Geoff Lawson has been given a two-year contract by the Pakistan board
It was Geoff Lawson's fast-bowling background that won him the coaching job for the Pakistan team, the Pakistan Cricket Board revealed while formally announcing the decision at a press conference in Karachi.
Lawson's appointment ended a lengthy wait without a coach since the death of Bob Woolmer during the World Cup. Lawson, the former Australia fast bowler, has been appointed for two years and edged out compatriots Dav Whatmore and Richard Done in the race for the job.
"Pakistan has many pace bowlers and we win matches with them," Nasim Ashraf, the PCB chairman, said. "Having a former fast bowler on board is an advantage for that definitely.
"We weighed all our options and, though all three were highly qualified, we felt Lawson was most suitable to our needs. Dav Whatmore and Richard Done were not any less candidates, just that Lawson was what we needed."
Ashraf dismissed claims that Arjuna Ranatunga's comments regarding Whatmore played a part in the decision, or that the players, many of whom were in favour of Lawson, had exercised their influence unduly.
Ashraf described Lawson, who picked up 180 wickets in 46 Tests, as "a very educated man" and said the PCB liked "his approach and his attention to detail and so we opted for him".
Lawson, a level three coach, will arrive in Pakistan on August 15 and is expected to be on a similar financial package as Woolmer. He is likely to bring his own management support team with him and Ashraf said Pakistan might appoint a specialist batting coach, given their brittleness in that department. "We will definitely have a fielding coach and we want world-class trainers and physiotherapists as well," he said. "We want to have a streamlined management team and Lawson has his ideas on that."
Lawson told Cricinfo the prospect of bringing out the best talent in Pakistan lured him to the job. "It is such a talented team that you have to be excited working with them," he said. "A series of events essentially led me to the job. Two months ago, this was a long way from my mind. I got a call asking whether I would be interested and I waited on the findings of the Bob Woolmer case because that was important.
"I came over and met with the board and the players and I have to say I was very impressed with the set-up, their ideas and vision. The chief [chairman Nasim Ashraf] was very impressive."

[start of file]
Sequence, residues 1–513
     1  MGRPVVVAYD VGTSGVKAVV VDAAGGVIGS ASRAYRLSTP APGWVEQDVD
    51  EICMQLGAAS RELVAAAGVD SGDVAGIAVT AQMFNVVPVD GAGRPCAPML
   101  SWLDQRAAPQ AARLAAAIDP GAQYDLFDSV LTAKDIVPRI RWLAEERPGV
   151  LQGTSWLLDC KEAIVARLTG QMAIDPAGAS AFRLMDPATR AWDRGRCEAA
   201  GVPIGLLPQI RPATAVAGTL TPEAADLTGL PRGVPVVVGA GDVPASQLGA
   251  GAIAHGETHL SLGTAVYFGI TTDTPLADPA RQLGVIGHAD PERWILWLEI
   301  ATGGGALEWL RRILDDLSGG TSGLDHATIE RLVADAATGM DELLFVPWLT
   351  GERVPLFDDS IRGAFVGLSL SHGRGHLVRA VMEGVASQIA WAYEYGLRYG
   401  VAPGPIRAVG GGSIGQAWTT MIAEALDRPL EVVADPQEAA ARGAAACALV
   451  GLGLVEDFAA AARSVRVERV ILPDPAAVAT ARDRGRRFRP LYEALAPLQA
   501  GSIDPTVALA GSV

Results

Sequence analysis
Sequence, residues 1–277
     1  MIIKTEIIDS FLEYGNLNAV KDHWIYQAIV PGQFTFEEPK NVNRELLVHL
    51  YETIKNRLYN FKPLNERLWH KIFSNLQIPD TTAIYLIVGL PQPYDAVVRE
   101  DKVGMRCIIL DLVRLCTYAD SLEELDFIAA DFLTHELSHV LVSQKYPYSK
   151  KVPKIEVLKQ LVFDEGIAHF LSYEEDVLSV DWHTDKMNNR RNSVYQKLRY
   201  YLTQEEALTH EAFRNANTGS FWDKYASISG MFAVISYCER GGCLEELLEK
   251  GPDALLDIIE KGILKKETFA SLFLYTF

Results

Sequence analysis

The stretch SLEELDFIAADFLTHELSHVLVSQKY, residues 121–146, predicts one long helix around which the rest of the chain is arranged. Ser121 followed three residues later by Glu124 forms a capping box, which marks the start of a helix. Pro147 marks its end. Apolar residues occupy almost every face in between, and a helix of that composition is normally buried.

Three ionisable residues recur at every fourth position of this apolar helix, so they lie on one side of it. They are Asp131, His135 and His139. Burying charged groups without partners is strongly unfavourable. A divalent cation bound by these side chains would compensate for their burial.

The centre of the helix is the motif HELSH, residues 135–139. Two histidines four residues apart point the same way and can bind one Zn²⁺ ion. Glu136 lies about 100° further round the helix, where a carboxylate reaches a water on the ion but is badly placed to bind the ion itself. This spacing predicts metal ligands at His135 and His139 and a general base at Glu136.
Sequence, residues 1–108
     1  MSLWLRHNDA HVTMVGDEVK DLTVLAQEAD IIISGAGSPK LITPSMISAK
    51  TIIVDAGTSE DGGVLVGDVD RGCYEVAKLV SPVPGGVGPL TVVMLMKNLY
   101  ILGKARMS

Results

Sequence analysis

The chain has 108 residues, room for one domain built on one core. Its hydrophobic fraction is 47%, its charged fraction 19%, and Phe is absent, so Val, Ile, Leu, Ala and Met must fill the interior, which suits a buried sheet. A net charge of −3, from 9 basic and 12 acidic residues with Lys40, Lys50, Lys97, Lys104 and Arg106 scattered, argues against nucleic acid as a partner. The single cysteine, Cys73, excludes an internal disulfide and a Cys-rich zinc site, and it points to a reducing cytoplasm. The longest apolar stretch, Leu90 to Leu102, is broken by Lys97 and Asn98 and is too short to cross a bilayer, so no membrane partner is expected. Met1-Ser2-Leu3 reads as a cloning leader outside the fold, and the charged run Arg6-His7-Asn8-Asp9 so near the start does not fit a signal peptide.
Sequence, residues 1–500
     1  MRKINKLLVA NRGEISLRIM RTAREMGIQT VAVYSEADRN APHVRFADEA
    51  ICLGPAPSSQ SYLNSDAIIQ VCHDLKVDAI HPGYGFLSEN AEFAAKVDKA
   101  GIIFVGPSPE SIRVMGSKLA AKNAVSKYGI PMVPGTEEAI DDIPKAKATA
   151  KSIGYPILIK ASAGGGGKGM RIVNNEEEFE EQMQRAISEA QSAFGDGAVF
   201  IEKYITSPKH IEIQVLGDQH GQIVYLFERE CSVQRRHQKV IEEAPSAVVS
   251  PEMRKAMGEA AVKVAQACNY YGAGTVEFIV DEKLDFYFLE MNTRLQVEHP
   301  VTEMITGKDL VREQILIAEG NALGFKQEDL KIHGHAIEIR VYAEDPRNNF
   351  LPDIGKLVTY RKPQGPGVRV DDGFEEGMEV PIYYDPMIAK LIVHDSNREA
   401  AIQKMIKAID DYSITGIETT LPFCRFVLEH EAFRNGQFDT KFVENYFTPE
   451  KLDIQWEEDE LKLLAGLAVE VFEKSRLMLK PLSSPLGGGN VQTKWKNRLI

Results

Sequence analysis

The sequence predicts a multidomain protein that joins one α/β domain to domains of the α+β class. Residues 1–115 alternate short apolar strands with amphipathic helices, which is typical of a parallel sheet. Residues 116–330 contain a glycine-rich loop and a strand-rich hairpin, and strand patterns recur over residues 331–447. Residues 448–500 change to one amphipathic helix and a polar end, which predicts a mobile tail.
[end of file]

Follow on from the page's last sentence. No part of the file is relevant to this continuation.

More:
This will be Lawson's first international assignment though he has been head coach with New South Wales and is currently involved officially with the state. But his state experience and his media work, he says, will help him adjust.
"It's a different level, no doubt," he said. "But I've worked with high-performance players at NSW. Nathan Bracken and Stuart Clark are sort of my pupils and I've worked with Glenn McGrath as well, so I have that experience. Also my media work has taken me round the world as an analyst so I haven't been too far from the game ever."
History will judge my move here but I hope, ultimately, that Pakistan will remember me as one of the best coaches they ever had
Lawson is also a rarity in that he is an ex-fast bowler, a breed not renowned much for their coaching abilities. Pakistan, with an abundance of fast bowling talent, is a fitting first job. "They have some terrific talent. Shoaib [Akhtar] - we have to make sure he is fit and consistent. Rao Iftikhar, Mohammad Sami, Mohammad Asif - these guys make up a quality pace attack. And there's more beyond them, big guys who bowl fast. Quality fast bowlers basically help you win Tests and I am excited about working with them."
Pakistan have busy times ahead, the Twenty20 World Championship is a precursor to an international season that includes visits by South Africa and Australia with a tour to India sandwiched in between for good measure. "We hit the ground running really, as there are some big series coming up. I know what I want to do with the team and where we should go. History will judge my move here but I hope, ultimately, that Pakistan will remember me as one of the best coaches they ever had."
Osman Samiuddin is Pakistan editor of Cricinfo